As for the "independence" of the UK, well, let us not forget, once again, that the UK is not England alone, but basically the union of England and Scotland in 1707, then their union with Ireland in 1801. It's another way of creating a country than taking one's independence...
Even ignoring the fact that they only occupied a part of the country that's now the UK, it's a bit tricky to declare an independence day when no-one even knows the year they left - the best guess is around 410 but that's what it is.
Imagine if, instead of the 13 colonies uniting against the British and declaring a new country, the British had just left. Say that the colonists then fought hundreds of years of wars amongst themselves and against the native Americans, with numerous changes of regime and shifting balances of power, before finally a dominant force emerged and created something with the same territorial control as the modern USA.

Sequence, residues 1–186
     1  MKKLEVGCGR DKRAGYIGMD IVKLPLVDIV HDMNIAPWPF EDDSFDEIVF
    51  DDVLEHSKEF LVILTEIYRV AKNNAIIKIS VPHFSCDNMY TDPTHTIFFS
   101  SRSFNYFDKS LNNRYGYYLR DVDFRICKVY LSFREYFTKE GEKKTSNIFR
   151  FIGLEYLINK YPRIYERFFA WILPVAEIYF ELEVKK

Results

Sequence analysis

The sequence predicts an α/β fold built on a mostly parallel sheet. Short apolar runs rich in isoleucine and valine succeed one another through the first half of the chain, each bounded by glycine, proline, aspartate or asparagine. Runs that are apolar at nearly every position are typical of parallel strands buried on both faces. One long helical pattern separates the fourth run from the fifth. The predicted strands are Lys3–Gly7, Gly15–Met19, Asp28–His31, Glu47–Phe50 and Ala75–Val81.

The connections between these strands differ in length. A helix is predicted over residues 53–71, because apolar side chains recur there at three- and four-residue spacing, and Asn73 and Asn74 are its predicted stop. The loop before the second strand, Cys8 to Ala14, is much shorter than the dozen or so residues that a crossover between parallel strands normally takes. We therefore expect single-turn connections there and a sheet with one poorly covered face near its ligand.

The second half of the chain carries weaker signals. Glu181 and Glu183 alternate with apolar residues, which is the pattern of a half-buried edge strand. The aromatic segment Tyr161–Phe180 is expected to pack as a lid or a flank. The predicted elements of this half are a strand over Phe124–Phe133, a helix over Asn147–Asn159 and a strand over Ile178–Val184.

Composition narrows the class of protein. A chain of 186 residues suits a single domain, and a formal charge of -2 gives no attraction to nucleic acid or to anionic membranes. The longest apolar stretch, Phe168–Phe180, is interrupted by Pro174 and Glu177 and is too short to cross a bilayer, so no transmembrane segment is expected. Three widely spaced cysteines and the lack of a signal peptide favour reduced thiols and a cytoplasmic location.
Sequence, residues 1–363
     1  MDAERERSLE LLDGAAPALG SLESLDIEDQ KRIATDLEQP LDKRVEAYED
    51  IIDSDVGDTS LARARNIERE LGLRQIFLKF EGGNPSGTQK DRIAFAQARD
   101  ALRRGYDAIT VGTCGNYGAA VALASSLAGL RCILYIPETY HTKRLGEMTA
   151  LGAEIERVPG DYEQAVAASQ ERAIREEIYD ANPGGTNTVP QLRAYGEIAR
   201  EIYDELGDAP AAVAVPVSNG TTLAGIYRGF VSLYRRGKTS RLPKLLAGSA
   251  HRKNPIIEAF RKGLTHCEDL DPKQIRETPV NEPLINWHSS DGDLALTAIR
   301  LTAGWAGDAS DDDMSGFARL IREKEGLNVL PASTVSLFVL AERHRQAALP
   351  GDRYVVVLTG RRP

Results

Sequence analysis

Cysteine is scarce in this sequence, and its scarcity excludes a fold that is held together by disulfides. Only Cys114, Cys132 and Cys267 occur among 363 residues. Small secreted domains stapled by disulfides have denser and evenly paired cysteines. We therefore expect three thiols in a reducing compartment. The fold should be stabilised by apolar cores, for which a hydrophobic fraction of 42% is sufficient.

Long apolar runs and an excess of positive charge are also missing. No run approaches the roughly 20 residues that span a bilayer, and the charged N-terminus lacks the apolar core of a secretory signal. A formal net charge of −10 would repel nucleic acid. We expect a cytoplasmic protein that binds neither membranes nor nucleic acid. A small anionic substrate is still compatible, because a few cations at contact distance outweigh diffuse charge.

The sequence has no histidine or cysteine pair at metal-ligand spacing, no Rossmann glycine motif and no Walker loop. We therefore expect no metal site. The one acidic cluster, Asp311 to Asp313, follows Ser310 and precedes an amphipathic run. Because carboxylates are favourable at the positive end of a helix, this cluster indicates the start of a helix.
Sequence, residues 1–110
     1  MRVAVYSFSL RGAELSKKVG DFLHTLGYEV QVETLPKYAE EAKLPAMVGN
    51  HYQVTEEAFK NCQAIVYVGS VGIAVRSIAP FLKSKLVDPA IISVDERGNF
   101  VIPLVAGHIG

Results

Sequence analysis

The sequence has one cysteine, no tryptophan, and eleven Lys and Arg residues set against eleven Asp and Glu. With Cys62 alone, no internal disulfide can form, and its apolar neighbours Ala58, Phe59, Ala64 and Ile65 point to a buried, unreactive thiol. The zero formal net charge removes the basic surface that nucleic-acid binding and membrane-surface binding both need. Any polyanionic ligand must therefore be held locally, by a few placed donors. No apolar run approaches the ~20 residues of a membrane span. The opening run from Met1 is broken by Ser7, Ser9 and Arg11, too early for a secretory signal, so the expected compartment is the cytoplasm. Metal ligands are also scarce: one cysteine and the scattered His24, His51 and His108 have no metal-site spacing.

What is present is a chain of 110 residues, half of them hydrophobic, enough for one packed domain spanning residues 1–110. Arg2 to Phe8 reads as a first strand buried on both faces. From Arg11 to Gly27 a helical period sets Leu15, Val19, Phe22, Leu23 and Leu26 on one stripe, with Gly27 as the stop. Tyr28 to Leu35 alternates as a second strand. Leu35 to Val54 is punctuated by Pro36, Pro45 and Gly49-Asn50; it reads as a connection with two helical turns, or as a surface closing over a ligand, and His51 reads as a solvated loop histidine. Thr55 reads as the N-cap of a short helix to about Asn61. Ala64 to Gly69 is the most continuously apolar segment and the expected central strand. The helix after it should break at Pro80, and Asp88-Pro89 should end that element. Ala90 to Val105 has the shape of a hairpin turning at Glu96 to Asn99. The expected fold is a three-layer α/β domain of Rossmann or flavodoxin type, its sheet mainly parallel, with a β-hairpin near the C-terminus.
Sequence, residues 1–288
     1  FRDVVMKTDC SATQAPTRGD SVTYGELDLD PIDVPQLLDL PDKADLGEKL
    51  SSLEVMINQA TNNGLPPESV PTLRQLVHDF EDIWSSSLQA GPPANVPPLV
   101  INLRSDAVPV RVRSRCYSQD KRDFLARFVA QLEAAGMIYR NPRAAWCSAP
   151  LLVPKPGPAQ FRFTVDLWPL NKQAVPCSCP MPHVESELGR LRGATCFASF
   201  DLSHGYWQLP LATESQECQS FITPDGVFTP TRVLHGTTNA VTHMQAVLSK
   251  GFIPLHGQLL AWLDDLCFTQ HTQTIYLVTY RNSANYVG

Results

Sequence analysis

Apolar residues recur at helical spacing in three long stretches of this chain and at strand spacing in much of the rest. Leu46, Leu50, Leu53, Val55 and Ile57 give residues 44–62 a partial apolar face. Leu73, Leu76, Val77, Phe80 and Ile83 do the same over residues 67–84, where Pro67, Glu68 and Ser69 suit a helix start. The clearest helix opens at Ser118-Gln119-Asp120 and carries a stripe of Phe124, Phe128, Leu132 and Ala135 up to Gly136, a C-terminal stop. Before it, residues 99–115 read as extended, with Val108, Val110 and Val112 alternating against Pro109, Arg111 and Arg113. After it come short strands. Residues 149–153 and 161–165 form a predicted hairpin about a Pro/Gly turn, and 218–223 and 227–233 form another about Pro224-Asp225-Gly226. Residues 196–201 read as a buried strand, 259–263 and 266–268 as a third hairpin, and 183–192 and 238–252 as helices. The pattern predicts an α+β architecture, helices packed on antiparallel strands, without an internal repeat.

You wouldn't celebrate independence day in those circumstances because there would be nothing meaningful to celebrate.
So if there were five candidates running for a seat in parliament then Candidate A could get 13%, Candidate B 24%, Candidate C 19%, Candidate D 29% and Candidate E 15%. In this case Candidate D gets elected, despite getting less than a third of the votes.
By contrast, voting in France happens in two rounds. If the same situation happened as above Candidates D and B would go to the second round. Anyone who voted for Candidate A, C, or E could now choose which of the remaining candidates to vote for this time.
In Australia people allocate preferences in voting. The votes above would just be described as first preferences. If a person's number 1 preference isn't in the top two once first preferences have been counted, their vote is transferred to the candidate they numbered 2 and so on, until one of the top 2 candidates have more than 50%.
I was overthunking the FPTP system part of the USA/UK one, and the whole ridiculous electoral college thing and ended up choosing wine-producing countries. Thinking is often my worst enemy...